Author’s Note: I published this entry on my father’s birthday for the first time in 2009. I still miss him and not only on his birthday, so I post it again today. This is the one post that gets picked up most by search engines. Other folks who missed their departed dads come here to read about mine. If you’re reading this, I wish that you were as lucky as I was in having known someone like my dad Gilberto. Blessings to yours and mine.
If my Dad was alive, today would have been his 81st birthday. He died in a car accident in Cuba in 1979. He was 47 years old. I almost died with him.
On a day like today, I am remembering his courage and his grace.
I would love to tell you a little bit about both.
We were in Cuba visiting the family we had left behind a decade earlier. We were one of the first groups to travel back to Cuba under the Family Reunification Act. This was an agreement entered into by both the Cuban and American governments to allow family members living in the US the opportunity to visit relatives on the island.
Like a lot of Cuban families, ours had been split along political lines. After supporting the Revolution from its infancy, my Dad broke with it in the early Sixties. He felt the original promises of the Revolution — a return to democracy after Batista, with the Constitution of 1940 as guide — had been betrayed. He called the Castro gang the real counter-revolutionaries. After the nationalization of private property — including my Dad’s humble-single pump Sinclair station — and the declaration by Castro that communism, not democracy was the future for Cuba, Dad filed the necessary paperwork to emigrate to this country. I can only imagine the pain Dad must have felt leaving his family and friends behind and move to a country that spoke a different language and lived a different culture. He was only allowed to take with him the clothes on his back.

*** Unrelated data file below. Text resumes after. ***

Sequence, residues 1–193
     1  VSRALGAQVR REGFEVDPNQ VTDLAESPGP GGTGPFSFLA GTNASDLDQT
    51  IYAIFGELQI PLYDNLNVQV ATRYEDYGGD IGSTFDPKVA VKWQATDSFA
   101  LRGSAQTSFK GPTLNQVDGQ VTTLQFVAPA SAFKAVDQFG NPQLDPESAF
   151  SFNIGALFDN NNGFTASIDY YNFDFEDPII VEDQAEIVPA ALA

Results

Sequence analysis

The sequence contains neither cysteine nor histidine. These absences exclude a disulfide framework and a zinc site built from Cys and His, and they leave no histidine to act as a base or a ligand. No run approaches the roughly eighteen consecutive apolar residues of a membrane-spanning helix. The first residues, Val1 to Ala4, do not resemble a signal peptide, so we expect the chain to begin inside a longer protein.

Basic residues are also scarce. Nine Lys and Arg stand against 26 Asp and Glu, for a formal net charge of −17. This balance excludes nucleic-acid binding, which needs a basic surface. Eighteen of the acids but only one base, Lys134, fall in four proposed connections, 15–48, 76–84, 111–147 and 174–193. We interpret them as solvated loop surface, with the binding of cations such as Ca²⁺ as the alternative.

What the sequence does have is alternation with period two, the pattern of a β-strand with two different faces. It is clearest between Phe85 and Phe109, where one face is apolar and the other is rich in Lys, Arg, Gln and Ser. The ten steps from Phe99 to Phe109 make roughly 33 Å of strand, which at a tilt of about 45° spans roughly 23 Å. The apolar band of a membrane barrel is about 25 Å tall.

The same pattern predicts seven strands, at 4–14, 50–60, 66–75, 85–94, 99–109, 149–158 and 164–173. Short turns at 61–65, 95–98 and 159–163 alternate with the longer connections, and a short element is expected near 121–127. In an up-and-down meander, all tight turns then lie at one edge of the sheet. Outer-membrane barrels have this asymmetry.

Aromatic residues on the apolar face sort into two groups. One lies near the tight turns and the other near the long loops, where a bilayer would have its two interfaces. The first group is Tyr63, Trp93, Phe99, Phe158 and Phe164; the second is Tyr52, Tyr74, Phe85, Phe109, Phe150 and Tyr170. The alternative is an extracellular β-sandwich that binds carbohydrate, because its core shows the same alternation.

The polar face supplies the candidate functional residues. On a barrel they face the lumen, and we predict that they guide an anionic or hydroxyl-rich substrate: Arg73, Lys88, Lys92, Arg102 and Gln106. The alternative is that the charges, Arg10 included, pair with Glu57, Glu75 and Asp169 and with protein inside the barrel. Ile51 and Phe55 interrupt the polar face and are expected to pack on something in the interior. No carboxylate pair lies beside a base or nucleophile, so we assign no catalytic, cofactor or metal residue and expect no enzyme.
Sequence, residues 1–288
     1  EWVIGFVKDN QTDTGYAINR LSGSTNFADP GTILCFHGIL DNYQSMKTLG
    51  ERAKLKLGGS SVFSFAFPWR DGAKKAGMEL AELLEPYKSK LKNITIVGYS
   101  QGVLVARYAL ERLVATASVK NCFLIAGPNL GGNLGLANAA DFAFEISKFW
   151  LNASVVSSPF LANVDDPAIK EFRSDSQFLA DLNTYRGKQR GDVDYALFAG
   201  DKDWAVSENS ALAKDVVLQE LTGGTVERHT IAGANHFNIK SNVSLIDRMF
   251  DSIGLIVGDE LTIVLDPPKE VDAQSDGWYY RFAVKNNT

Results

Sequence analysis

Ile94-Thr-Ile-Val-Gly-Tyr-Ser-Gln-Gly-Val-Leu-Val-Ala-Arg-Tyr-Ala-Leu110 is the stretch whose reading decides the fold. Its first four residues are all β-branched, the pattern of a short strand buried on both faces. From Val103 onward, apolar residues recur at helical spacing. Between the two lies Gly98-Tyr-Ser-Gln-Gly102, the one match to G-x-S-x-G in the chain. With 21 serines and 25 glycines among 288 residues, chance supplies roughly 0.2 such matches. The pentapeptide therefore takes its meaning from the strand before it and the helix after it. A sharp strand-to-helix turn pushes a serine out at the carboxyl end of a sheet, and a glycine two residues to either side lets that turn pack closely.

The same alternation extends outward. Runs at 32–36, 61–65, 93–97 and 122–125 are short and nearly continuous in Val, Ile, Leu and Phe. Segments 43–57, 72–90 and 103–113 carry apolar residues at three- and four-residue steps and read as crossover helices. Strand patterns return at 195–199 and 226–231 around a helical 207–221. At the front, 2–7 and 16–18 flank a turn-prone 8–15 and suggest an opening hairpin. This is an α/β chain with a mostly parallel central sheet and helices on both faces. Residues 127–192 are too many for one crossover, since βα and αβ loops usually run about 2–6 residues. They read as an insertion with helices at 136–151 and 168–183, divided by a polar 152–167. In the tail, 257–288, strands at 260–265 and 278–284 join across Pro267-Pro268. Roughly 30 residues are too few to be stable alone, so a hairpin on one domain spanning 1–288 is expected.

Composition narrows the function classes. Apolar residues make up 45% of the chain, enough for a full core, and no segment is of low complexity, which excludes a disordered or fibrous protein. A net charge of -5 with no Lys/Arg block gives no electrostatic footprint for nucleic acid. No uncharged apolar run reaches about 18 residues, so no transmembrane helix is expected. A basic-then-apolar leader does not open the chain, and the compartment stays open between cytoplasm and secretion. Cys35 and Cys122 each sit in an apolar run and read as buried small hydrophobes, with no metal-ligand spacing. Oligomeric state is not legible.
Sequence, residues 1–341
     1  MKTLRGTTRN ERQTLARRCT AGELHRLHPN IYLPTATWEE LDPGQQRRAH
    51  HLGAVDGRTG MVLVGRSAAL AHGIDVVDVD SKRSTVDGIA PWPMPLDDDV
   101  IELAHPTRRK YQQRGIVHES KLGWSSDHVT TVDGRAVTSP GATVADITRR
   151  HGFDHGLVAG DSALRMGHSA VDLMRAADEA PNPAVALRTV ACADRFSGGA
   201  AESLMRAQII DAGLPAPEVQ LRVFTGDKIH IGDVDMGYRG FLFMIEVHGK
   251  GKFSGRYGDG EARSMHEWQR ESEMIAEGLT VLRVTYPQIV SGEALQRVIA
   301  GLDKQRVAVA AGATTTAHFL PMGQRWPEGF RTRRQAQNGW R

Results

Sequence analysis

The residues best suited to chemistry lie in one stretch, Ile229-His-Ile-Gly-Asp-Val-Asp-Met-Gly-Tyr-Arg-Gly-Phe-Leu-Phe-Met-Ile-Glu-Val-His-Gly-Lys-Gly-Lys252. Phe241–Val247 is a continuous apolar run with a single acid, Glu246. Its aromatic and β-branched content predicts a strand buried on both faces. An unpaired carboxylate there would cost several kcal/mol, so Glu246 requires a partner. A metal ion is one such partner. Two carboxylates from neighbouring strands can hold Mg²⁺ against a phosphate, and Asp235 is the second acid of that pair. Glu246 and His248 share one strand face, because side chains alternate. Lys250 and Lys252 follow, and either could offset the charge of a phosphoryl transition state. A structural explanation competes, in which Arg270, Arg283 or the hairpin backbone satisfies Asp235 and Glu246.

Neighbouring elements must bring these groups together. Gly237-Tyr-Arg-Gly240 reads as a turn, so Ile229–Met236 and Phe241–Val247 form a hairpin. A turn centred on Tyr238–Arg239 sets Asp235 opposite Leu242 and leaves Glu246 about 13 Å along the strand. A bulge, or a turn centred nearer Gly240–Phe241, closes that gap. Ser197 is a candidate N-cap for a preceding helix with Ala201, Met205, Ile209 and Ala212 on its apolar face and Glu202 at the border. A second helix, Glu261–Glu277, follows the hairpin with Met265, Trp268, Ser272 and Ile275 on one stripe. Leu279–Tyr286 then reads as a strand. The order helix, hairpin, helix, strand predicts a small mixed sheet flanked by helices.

About a quarter of my family did the same thing. The other three quarters stayed behind with different degrees of involvement in the Castro government. Some close relatives, believers in and defenders of the Revolution, were high up in governmental circles. I loved these people as much as I loved the ones that made it across the Florida Straits. My Dad taught me that. I never heard him say one negative, unloving thing about any family member that had chosen differently than him. He had a big, accepting heart.